by Tamra Testerman, Taos News Tempo, Visual Art section, Sept. 23, 2021 –
Taos artist Ronald Davis is “mercurial. He is very eccentric. He doesn’t talk to writers. Email him,” wrote art critic Dave Hickey in his 2015 essay, Ronald Davis Is Not Doing What You’re Seeing. “Since the art world is heavily front-loaded, there is a good chance that you don’t know Ronald Davis’ artworks, and, if you don’t, you should. He is part of a change that altered the ontology of the art world, and the wheel is coming round again.”
On Labor Day, I called Ronald Davis and got lucky. We talked for close to an hour about things. Things like quantum entanglement, the artist as shaman, Dennis Hopper (“talented photographer”), the battery life on his pacemaker (“12 years”), his ex (“a famous screenwriter in Hollywood”), what exactly is an illusion, a delusion, a mirage? and climate change. “We’re doomed.”
The conversation began around Cheyenne, Wyoming, a place we both lived as children. Most summers since 1897, Cheyenne is home to the biggest outdoor rodeo in the world. I rode a quarter horse named Rascal in the Cheyenne Frontier Days Parade. Davis’s father, Joe Davis, set up a Coca-Cola stand at his gas station along the parade route. “There were no off-ramps on the parade route, so the Coke stand did well.”
A childhood in Wyoming can be idyllic. Bleak winters when the snow drifts over the roof and you tunnel out. Fly-fishing for rainbows on the Snake River, hunting for arrowheads in the granite gravel at Vedauwoo. Given the 30-year age difference, our paths never crossed on the Frontier Day parade route, but Wyoming leaves its mark on your soul. And Cheyenne, a small town stuck in a time warp, had just enough backwoods isolation to launch a young man born with big ideas into the art world.
Ronald Davis was born in 1937 in Santa Monica. His family moved soon after to Cheyenne. Inspired by Jackson Pollock, also from Wyoming, he left the childhood prairies for the west coast after working in sheet metal for a few years, and a brief stint at the University of Wyoming.
He attended the San Francisco Art Institute in the early ’60s. During this time, Davis painted his Dodecagons, large 12-angled pieces of resin, polyester, and fiberglass, “…the greatest series of abstract objects made in the United States in the 20th century. – Dave Hickey”
In 1965 Davis met Nicholas Wilder, an American art dealer who represented (among many others) Agnes Martin, David Hockney, and Cy Twombly. Wilder catapulted Davis’s career into the stratosphere.
Two years after they met, there was the first of many exhibitions in New York, first at Tibor de Nagy, then at Leo Castelli. Out of these exhibitions, he sold paintings to the Museum of Modern Art, The Tate Gallery London, the Los Angeles County Museum, The San Francisco Museum of Art, The Chicago Museum of Art. He was included in Documenta ’68 in Kassel, Germany, and in the US pavilion of the Venice Biennale in ’72.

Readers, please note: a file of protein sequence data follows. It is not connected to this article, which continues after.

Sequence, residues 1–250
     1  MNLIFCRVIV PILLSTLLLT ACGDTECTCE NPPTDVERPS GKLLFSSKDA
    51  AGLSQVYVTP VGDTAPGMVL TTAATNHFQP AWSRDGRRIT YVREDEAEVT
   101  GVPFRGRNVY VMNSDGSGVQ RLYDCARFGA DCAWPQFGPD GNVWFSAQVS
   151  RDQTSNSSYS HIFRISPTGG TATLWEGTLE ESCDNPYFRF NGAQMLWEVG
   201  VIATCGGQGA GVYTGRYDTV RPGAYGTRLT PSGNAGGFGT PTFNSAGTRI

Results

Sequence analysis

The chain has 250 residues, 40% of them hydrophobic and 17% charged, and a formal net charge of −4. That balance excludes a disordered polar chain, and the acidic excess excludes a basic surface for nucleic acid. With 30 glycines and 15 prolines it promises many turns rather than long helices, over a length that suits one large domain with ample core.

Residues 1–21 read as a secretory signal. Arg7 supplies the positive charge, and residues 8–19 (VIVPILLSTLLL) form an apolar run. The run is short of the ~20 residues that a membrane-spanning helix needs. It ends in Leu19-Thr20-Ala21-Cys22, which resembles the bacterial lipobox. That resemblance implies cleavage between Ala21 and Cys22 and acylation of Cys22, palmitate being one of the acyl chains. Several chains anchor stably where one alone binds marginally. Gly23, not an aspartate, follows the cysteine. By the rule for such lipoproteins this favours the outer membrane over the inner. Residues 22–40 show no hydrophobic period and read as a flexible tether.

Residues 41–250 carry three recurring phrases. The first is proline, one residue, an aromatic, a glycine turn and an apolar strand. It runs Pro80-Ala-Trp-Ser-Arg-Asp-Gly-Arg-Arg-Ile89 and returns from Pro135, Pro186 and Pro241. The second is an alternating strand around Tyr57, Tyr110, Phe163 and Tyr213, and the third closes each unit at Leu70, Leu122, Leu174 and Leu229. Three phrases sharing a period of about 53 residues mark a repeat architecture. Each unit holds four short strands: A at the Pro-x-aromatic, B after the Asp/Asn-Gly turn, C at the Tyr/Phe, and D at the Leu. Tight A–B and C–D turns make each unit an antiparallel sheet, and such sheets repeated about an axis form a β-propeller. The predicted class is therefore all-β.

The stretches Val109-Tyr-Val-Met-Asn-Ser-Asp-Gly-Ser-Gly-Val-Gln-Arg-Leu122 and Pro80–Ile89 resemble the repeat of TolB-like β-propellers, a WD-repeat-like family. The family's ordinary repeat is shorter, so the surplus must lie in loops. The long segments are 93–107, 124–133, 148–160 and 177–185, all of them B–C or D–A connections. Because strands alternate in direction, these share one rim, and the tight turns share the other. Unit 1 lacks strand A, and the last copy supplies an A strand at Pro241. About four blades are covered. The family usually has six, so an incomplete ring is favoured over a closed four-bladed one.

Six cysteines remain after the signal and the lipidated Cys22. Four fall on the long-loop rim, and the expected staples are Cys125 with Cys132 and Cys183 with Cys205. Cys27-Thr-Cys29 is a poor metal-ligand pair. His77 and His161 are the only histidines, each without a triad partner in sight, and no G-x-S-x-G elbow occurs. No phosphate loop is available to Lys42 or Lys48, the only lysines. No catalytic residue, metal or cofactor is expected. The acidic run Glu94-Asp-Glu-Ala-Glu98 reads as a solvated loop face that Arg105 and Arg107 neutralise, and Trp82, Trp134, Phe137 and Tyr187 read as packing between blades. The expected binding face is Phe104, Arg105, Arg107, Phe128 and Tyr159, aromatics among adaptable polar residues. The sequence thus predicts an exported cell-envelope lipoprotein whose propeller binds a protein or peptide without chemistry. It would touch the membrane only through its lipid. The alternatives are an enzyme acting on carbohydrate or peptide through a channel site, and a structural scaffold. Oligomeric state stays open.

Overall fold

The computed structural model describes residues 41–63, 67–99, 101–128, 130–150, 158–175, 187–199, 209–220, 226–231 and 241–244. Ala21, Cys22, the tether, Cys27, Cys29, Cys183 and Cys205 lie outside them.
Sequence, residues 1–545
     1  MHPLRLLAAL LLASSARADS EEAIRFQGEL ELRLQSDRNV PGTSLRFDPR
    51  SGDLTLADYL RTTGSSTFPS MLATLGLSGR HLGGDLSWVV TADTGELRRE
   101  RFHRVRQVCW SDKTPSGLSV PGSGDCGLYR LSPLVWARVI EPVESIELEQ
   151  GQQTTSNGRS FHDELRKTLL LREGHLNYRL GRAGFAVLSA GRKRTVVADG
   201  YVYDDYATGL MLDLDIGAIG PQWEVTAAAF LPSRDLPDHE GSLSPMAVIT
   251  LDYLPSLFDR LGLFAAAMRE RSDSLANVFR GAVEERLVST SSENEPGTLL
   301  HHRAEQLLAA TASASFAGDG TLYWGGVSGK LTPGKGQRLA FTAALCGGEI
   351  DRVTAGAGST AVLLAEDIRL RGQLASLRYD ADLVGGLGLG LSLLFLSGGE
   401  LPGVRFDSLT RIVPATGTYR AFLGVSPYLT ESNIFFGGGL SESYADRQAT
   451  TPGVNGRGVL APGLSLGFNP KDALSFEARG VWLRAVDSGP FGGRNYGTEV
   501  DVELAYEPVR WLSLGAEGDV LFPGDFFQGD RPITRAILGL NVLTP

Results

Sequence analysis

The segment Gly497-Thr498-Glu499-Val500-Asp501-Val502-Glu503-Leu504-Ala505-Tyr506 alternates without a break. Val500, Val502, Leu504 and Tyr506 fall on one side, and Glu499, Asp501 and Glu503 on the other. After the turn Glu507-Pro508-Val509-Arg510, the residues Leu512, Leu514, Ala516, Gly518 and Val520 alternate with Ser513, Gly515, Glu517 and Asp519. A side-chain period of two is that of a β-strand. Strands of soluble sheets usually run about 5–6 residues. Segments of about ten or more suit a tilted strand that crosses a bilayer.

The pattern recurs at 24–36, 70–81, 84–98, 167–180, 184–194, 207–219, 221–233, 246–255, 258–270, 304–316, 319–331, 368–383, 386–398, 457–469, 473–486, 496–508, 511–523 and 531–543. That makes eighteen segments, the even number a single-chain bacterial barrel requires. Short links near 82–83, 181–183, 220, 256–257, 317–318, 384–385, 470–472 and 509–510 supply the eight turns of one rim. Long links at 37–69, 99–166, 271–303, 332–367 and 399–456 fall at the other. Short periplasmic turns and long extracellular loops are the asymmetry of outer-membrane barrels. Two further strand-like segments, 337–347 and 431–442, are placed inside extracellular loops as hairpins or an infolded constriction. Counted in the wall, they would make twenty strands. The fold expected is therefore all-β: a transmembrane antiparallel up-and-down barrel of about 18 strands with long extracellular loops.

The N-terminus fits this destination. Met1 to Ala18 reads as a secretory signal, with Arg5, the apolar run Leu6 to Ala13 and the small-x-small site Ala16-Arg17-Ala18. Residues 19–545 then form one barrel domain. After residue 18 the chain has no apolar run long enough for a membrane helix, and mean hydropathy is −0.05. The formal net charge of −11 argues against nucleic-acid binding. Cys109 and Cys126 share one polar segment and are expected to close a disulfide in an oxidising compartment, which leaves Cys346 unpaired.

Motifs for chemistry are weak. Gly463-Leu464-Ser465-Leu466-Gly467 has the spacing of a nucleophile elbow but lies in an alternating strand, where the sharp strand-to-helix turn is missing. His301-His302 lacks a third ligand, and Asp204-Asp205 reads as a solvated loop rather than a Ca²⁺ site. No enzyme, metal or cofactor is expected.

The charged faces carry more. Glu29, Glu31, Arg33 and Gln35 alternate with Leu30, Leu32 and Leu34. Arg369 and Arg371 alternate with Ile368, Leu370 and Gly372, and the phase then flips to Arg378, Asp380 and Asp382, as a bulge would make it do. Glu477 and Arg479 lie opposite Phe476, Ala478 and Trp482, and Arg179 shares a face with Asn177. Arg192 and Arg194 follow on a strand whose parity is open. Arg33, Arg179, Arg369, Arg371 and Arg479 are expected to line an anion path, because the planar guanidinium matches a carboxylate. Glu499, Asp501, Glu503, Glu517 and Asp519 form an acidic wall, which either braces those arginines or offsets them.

All this happened a little over a decade after leaving the prairies of Wyoming. By art world standards, Davis was an overnight success and continued to bask in the limelight with all the luxuries and liabilities of fame for another 20 years.
Davis encountered Taos on a road trip with a friend. He had been burning the candle at both ends in a Malibu compound built by Frank Gehry, designed around one of Davis’s models. The compound launched Gehry’s career and turned Davis’s life into a media circus, an architecture student’s Petri dish – a sensation, not a sanctuary to make art.
Things were getting complicated by a complicated relationship, and things became untenable when Davis got sober. “In 1990, I left the freeways of LA behind and disengaged, mostly. I moved to New Mexico, where I built a group of domed polygonal buildings I designed with architect Dennis Holloway, based on the Navajo hogan dwelling.”
Davis is an artist with an acute sense of his own mortality and the ‘artist as shaman,’ one who embodies the characteristics of the shaman to be used as a vehicle in which to explore the unknown. At a metaphorical level, the experiential nature of hard-edge painting in its objectification to existence outside the natural world, at the same time being of this world, resembles (in theory) the shamanistic techniques of transcendence.
“I am in a black box in time and space, and I know not what is around me. I catch a wave that’s going on in the universe. To be true to my art, I have to focus to make things unseeable, seeable. Illusions are real, as real as anything… it’s not a delusion, a mirage. There are color spectrums that have that here, old fashioned constructivism. What color and where to put it is the problem. Over time, I have gotten very good at it. Lots of practice.”
Before we hung up, I wished Ronald a happy Labor Day. We both laughed, “it’s all labor, isn’t it?”
203 Fine Art, 1335 Gusdorf Road, represents Ronald Davis. There is an opening scheduled Saturday (Sept. 25, 2021) titled Ronald Davis: Seven Decades, a mini-retrospective of work featuring significant pieces from the 1960s to the present. “The exhibition features a range of work from the artist’s oeuvre. It includes artwork which has never been out in the world, as well as legacy works such as the keystone Lemon Yellow from the Dodecagon Series, many others of which are in the permanent collections of major museums, emphasizing Davis’s important contribution to the American art scene.
For more information, visit 203’s website, www.203fineart.com/ronald-davis . For more information about Ronald Davis, visit this and the artist’s other websites: www.irondavis.com and www.ronalddavisart.com.